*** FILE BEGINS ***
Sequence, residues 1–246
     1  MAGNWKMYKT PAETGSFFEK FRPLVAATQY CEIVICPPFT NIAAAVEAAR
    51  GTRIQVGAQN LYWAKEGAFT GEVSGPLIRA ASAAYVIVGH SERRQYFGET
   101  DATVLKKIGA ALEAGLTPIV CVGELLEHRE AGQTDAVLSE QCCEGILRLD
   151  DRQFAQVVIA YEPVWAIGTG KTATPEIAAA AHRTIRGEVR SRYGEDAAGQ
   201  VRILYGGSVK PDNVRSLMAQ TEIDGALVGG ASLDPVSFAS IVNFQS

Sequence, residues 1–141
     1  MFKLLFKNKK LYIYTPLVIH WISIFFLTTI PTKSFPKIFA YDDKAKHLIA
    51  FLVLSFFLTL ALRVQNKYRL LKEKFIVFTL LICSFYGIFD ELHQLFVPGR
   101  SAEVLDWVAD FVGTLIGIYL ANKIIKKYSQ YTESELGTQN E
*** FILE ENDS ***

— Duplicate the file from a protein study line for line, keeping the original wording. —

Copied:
Sequence, residues 1–246
     1  MAGNWKMYKT PAETGSFFEK FRPLVAATQY CEIVICPPFT NIAAAVEAAR
    51  GTRIQVGAQN LYWAKEGAFT GEVSGPLIRA ASAAYVIVGH SERRQYFGET
   101  DATVLKKIGA ALEAGLTPIV CVGELLEHRE AGQTDAVLSE QCCEGILRLD
   151  DRQFAQVVIA YEPVWAIGTG KTATPEIAAA AHRTIRGEVR SRYGEDAAGQ
   201  VRILYGGSVK PDNVRSLMAQ TEIDGALVGG ASLDPVSFAS IVNFQS

Sequence, residues 1–141
     1  MFKLLFKNKK LYIYTPLVIH WISIFFLTTI PTKSFPKIFA YDDKAKHLIA
    51  FLVLSFFLTL ALRVQNKYRL LKEKFIVFTL LICSFYGIFD ELHQLFVPGR
   101  SAEVLDWVAD FVGTLIGIYL ANKIIKKYSQ YTESELGTQN E